2013 Emmy Awards Live Blog
2013 Emmy Awards Live Blog
John Kubicek
John Kubicek
Senior Writer, BuddyTV
The biggest night of TV is here with the 65th Annual Emmy Awards. Hosted by Neil Patrick Harris, the three-hour telecast will honor the best in television over the past year, and I'll be here through the evening with the winners and my live analysis.

See the Winners from the 2013 Creative Arts Emmys>>

For Dramas, Breaking Bad could finally claim the top prize, though it has stiff competition from past champions Homeland and Mad Men, plus newcomer House of Cards and the epic Game of Thrones. Also, it's possible the Emmys may wait until next year, when Breaking Bad's final season will be eligible, to give it all of the awards.

For Comedy, Modern Family looks to take a fourth straight win, but it will have to compete against the most-watched sitcom on TV (The Big Bang Theory), edgy cable shows (Veep, Louie) and the final season of 30 Rock.

We'll also have the Miniseries and TV Movie categories (expect HBO's Behind the Candelabra to win most of them) as well as Variety Series, Reality Competition and Choreography. The Daily Show has won the Variety Series Emmy for the past 10 years in a row (it also has eight wins for Writing). For Reality Competition, The Amazing Race is going for its 10th win (and the category has only existed for 11 years).

Watch the Nominees for Outstanding Choreography>>

I'll be updating throughout the night with my thoughts on the action and winners.

Luckily the football game CBS was airing ended less than two minutes before the Emmys began. That could've been awkward if it went into overtime. Either way, the Emmts are starting a few minutes late because of NFL, which is a bad start.

Opening: We open with NPH binge-watching the entire season's worth of TV. They use various segments to make it look like the TV shows are talking to him. This is officially the dumbest and most useless start to the Emmys ever. Yawn.

The opening monologue isn't much better. There's a decent Paula Deen joke (she has to refer to Orange is the New Black as Orange is the New African-American). He then brings up a bunch of past hosts (Jimmy Kimmel, Jane Lynch, Jimmy Fallon, Conan O'Brien) and it's just OK. Conan is the funniest, and then Kevin Spacey offers some House of Cards-style narration to the camera about how he sabotaged NPH. Tina Fey and Amy Poehler top it off by telling NPH to take off his pants and twerk while munching on popcorn.

Outstanding Supporting Actress in a Comedy Series: Merritt Wever, Nurse Jackie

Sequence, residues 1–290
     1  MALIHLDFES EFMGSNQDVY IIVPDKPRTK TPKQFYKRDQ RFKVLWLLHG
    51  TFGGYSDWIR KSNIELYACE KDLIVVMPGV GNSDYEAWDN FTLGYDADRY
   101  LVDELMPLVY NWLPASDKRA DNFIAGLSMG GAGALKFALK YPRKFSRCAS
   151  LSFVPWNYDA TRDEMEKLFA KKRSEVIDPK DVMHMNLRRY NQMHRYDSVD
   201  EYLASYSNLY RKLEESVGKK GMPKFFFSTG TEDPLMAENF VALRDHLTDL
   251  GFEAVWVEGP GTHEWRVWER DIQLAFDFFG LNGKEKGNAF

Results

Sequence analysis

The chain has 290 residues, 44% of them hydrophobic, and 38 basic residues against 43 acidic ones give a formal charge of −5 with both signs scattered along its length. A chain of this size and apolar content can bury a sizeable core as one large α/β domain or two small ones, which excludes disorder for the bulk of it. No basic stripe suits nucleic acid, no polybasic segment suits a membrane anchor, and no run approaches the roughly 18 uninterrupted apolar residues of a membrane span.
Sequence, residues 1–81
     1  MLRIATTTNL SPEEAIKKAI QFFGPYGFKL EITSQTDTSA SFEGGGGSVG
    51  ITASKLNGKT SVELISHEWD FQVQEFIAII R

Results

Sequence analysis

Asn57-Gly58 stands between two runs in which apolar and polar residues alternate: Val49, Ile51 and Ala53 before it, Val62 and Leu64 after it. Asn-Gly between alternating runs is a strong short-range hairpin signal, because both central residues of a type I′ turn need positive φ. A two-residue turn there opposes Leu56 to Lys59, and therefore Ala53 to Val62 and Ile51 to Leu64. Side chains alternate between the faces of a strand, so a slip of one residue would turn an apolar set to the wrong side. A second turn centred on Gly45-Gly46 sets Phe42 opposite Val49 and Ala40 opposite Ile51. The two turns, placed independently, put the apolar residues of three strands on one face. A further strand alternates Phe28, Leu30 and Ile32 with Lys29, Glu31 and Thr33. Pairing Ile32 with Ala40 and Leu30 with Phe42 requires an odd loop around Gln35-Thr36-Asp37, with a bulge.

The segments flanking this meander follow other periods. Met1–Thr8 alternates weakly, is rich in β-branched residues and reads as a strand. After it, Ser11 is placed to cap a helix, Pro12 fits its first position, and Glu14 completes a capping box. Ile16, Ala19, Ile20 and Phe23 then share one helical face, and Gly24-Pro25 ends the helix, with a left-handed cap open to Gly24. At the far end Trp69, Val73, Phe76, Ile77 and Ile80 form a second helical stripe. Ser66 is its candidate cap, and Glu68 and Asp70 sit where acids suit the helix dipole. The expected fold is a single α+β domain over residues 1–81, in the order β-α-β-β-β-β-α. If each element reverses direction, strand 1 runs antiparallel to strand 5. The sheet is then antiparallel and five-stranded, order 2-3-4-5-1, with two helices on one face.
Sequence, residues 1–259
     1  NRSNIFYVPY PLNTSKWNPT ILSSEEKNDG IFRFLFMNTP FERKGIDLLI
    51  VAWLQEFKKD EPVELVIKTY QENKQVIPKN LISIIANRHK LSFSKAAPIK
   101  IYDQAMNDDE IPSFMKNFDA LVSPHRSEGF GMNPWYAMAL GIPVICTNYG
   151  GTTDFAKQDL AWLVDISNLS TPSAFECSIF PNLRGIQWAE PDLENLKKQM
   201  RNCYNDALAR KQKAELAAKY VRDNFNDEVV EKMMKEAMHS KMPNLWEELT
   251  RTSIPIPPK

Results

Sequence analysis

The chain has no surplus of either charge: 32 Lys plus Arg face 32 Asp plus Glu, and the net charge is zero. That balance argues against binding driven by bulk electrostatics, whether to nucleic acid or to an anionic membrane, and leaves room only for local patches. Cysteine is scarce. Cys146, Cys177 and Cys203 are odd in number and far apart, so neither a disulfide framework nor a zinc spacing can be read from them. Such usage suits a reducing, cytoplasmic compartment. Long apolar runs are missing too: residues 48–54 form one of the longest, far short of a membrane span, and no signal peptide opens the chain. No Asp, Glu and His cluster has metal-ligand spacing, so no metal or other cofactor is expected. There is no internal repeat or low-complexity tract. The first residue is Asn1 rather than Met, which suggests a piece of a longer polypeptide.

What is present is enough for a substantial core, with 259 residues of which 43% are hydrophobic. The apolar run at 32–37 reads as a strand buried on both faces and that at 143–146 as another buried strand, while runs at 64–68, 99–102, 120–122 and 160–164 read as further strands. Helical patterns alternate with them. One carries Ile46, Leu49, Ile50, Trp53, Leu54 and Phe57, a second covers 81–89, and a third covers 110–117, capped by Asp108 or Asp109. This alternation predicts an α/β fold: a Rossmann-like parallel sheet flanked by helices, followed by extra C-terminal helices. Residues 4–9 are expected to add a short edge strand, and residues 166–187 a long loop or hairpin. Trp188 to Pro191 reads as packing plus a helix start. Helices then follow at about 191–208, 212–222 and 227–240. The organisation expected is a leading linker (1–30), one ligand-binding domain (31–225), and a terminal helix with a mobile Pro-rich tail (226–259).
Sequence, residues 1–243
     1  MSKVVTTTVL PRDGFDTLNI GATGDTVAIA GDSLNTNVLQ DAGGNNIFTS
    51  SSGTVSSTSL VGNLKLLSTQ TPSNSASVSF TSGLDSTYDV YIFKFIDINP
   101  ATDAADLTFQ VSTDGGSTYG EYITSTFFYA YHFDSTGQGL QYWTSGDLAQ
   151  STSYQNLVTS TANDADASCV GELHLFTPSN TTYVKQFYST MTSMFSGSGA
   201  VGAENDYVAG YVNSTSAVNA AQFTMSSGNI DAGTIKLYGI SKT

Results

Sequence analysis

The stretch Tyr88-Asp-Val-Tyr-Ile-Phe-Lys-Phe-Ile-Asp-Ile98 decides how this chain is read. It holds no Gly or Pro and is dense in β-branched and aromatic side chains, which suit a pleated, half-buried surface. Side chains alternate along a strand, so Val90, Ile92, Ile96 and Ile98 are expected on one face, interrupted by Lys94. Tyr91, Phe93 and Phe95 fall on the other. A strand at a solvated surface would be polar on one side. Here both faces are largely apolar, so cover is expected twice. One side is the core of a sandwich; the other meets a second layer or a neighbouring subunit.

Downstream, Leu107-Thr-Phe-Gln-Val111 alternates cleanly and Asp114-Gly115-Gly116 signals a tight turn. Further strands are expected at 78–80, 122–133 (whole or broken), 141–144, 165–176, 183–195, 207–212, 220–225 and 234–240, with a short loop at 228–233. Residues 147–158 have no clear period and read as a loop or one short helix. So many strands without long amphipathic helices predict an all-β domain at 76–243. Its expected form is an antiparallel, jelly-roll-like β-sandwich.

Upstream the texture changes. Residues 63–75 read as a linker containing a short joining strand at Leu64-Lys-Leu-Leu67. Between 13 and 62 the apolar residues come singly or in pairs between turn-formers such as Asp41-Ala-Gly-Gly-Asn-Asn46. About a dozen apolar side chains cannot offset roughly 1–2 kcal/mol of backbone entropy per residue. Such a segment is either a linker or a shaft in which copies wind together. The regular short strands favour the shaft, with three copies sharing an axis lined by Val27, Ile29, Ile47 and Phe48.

WTF? She's easily the absolute worst of the seven nominees. Her speech is pretty hilarious, thanking everyone "so much," then just quietly leaving. That speech made about as much sense as her winning.

Outstanding Writing for a Comedy Series: "Last Lunch," 30 Rock

Hooray, back on track with a win for the series finale of 30 Rock. That's a nice farewell gift for Tina Fey. It's the third writing win for 30 Rock and the first time a series finale has won this award since The Larry Sanders Show in 1998.

Outstanding Supporting Actor in a Comedy Series: Tony Hale, Veep

Wow, this is certainly a year where it's impossible to predict the winners, though I'm fine with this one. Hale is great, as is Veep. This is the first time Modern Family has not won this award.

Tribute to Jonathan Winters

Robin Williams pays tribute to the late Jonathan Winters, who played his son on Mork and Mindy. Williams' zany comedy is a perfect homage to Winters, whose performance in the film It's a Mad, Mad, Mad, Mad World is one of the funniest things I've ever seen.

Outstanding Lead Actress in a Comedy Series: Julia Louis-Dreyfus, Veep

This is more like it, a repeat winner from last year. In a great moment, her co-star (and winner) Tony Hale stands behind her, just like his character on the show, feeding her the names of people to thank. Then she thanks everyone in the cast EXCEPT Tony. Very funny and awesome. I hope this means Veep could win Otstanding Comedy Series, because that would be cool.

Outstanding Directing for a Comedy Series: "Arrested," Modern Family

It's the third time in a row Modern Family has won for Directing. After a weird start, the Emmys are getting back to more predictable winners. She's only the second women ever to win this award.

Outstanding Lead Actor in a Comedy Series: Jim Parsons, The Big Bang Theory

It's his third win. While I'd like for the Emmys to spread the love, he's pretty great and totally worthy of winning three of these.

Tribute to Jean Stapleton

Rob Reiner says goodbye to the actress who played his TV mother-in-law Edith Bunker on All in the Family. She might have one of the most iconic voices in the history of television.

Elton John

Behind the Candelabra stars Michael Douglas and Matt Damon introduce Sir Elton John to sing a new song called "Home Again" to honor Liberace. Isn't the fact that the HBO movie is winning all the awards enough? It already has eight wins from last week and should get a few more tonight.